Internet-enabled virtual environments may rid patient from disorders and phobia

Verbania 28 March 2001A consortium of 8 Italian, 1 French, and 3 Spanish partners has received funding from the European Commission to perform research on the technical and clinical viability of combining portable Virtual Reality systems with telemedicine tools in order to cure patients suffering from psychological disorders. The Vepsy-Updated project was launched at the start of 2001 and will involve the building of four Virtual Reality modular systems (VRMS) and validation of their clinical use in treating disturbances like panic disorder; agoraphobia and social phobia; obesity, bulimia and binge-eating disorders; premature ejaculation and male impotence. The project team will also define new protocols for VR-based therapy of psychological illnesses and will rely on the feedback of 240 patients who will test the equipment during a 15-month period.


The Vepsy-Updated modules will be made available to the user as shared telemedicine tools over the Internet, and as portable systems running on Speed-Step notebook PCs. Through a Virtual Reality Modelling Language (VRML) plug-in, compatible with commonly used browsers, such as Explorer and Navigator, the team will adapt VR therapy models for networked delivery to patients at remote locations. In this telemedical VR setting, the clinician who conducts the therapy session is not present physically but monitors the patient's behaviour within the virtual environment from a distant site. VRML allows to introduce interaction and animation elements, as well as interfaces to scripting languages thus providing the patient with a variety of simulation scenarios and access to network services at a relatively low cost.

Extensive scientific research has proven that patients tend to accept the use of virtual environments for treating mental disorders rather easily. Moreover, they show an equal level of satisfaction between the attention provided at a distance by the clinician while they are being exposed to VR stimuli, and a conventional session in the therapist's surgery. Whether VR tele-treatment over the Web by bringing distributed VR environments directly to the homes of sufferers from psychological disorders will be as much rewarding for both patient and physician, still has to be investigated. Some experts believe that the treatment of irrational fears requires the physical presence of a therapist with whom the patient can establish a relationship based on mutual trust.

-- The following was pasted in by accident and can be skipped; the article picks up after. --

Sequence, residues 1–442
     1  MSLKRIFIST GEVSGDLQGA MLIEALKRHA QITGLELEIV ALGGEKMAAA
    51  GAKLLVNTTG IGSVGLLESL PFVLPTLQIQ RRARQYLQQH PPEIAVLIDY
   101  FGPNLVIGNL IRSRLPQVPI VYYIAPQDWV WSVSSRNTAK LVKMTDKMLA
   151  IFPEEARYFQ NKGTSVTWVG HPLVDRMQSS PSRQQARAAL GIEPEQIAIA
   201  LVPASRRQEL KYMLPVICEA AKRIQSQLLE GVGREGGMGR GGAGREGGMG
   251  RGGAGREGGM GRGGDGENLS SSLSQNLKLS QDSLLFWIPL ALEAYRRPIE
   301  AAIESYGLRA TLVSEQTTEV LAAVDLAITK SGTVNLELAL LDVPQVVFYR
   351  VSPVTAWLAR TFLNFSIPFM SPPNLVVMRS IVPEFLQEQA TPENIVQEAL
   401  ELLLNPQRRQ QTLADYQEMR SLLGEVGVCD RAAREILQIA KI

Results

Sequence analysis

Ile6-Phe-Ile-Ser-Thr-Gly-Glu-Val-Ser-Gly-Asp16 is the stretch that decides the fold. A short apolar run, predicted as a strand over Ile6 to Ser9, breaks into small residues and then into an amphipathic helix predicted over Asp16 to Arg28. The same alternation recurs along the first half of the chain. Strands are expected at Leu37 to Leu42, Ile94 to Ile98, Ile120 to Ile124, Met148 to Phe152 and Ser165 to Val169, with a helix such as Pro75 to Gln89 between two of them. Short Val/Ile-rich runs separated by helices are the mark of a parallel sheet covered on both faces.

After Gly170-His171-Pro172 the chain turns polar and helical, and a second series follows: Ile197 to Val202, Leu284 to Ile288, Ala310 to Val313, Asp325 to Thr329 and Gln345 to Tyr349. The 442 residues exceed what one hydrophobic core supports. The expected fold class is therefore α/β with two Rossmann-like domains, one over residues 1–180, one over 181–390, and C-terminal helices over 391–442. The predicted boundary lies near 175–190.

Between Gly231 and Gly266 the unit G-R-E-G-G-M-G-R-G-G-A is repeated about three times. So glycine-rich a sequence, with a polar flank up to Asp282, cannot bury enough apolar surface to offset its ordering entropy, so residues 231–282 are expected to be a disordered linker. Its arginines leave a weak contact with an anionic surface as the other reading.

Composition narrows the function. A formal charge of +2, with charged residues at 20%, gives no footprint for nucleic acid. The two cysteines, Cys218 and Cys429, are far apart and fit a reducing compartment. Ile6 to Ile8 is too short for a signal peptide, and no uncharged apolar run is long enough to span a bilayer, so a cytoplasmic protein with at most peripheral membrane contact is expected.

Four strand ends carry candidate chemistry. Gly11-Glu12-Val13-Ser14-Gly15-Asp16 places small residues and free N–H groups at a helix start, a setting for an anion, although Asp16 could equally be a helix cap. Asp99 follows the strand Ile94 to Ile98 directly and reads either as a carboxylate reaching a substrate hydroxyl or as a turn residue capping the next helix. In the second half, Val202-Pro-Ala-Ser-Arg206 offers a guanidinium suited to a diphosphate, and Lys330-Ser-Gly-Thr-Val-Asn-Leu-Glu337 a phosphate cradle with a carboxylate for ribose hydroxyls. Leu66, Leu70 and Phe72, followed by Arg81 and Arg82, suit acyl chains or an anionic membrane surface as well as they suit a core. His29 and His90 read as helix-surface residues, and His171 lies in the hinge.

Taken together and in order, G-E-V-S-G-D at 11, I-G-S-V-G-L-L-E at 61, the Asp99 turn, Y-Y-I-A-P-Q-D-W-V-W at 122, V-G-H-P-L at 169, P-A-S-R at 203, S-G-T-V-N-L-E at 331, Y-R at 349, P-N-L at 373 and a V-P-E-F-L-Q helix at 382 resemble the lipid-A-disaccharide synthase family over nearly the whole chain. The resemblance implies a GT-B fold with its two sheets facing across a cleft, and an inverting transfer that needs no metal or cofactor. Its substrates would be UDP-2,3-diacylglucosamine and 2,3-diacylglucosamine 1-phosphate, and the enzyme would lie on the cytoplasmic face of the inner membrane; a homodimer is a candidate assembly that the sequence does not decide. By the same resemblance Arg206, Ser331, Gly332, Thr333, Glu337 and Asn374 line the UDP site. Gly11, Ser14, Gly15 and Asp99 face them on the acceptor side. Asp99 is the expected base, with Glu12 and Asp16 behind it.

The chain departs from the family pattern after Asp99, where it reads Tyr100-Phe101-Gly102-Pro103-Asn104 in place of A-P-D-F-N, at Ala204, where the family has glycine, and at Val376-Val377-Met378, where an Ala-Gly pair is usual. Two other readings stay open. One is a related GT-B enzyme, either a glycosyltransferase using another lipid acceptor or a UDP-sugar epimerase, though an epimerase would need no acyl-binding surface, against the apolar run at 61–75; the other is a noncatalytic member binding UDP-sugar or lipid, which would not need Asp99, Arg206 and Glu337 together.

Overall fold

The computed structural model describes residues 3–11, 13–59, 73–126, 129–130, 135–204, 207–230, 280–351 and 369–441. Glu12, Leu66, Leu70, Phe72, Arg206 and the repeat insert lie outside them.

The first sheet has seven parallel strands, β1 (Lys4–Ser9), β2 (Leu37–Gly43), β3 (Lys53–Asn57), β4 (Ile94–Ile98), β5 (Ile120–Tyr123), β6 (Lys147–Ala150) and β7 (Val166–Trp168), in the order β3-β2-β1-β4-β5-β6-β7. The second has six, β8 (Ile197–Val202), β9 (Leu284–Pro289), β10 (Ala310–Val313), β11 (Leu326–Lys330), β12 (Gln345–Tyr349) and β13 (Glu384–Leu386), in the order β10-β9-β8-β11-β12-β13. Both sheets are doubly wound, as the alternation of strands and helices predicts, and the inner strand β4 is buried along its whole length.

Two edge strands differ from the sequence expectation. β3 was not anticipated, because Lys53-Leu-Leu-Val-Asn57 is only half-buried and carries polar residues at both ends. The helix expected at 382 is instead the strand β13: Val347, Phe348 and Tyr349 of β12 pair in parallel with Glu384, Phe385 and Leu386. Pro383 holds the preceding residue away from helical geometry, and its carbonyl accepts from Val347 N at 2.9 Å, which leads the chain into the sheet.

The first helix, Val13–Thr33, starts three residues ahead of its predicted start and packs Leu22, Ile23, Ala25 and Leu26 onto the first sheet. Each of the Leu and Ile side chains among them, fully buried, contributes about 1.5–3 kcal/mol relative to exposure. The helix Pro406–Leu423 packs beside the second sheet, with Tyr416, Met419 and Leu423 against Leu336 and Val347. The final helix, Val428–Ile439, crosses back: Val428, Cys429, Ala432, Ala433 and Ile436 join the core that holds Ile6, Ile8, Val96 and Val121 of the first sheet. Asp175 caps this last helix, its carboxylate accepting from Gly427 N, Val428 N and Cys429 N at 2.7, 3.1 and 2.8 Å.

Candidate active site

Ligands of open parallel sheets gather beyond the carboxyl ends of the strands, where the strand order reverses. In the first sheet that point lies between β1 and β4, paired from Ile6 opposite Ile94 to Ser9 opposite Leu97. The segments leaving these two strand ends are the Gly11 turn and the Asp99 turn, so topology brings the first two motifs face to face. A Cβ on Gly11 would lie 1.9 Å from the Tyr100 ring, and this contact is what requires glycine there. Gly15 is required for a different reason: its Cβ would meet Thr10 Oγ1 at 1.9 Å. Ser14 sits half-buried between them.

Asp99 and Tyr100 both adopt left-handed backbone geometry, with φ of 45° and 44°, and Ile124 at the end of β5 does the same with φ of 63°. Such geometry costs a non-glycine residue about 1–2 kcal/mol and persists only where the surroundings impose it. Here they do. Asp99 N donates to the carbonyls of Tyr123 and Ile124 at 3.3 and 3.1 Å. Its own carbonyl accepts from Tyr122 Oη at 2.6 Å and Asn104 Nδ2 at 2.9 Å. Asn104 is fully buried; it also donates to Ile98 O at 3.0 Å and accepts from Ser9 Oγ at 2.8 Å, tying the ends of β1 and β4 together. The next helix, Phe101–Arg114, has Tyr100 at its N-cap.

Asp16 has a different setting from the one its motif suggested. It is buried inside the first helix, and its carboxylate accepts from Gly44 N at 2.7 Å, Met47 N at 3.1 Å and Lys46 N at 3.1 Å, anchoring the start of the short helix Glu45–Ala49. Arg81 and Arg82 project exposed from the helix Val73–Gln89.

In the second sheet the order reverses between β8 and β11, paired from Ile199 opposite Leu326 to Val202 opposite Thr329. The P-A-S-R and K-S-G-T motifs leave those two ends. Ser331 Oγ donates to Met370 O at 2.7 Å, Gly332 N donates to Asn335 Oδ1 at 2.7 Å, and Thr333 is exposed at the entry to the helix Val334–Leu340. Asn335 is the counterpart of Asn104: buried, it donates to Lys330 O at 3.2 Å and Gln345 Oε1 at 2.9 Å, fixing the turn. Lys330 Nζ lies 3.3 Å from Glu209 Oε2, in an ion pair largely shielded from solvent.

The Vepsi-Updated consortium precisely aims to demonstrate that the use of VR technologies can be extended from single locations, such as hospital and rehabilitation facilities to the shared environment of the Internet. As such, it is possible to reach patients who for several reasons might have difficulty to gain access to current VR therapy services delivered in medical centres or in private practices. The project partners expect to develop 4 VRMS prototypes in nine months time and test their efficacy in small-scale clinical trials which first will involve some 30 patients. Based on this initial feedback, the design will be refined after which the viability of the VR modules will be assessed by the team in various sessions organised with 240 patients during a 15-month validation period.

Targeted user groups for portable and shared VR systems are patients with access to a low-cost PC and the Internet, home care providers, hospital staff, private therapist offices, public institutions, schools for prevention activities, health care associations, and rehabilitation facilities. The Vepsy consortium includes two spin-off companies, associated with the research institutions active in the project, and two expert companies with a long expertise in the medical IT industry that will support commercial exploitation of the results, as well as generate a sufficient critical mass to make the European Union-based research on the efficiency of Web-based VR therapy more competitive. You can find more background information on VR at the Web site of the Vepsy-Updated project.

Leslie Versweyveld

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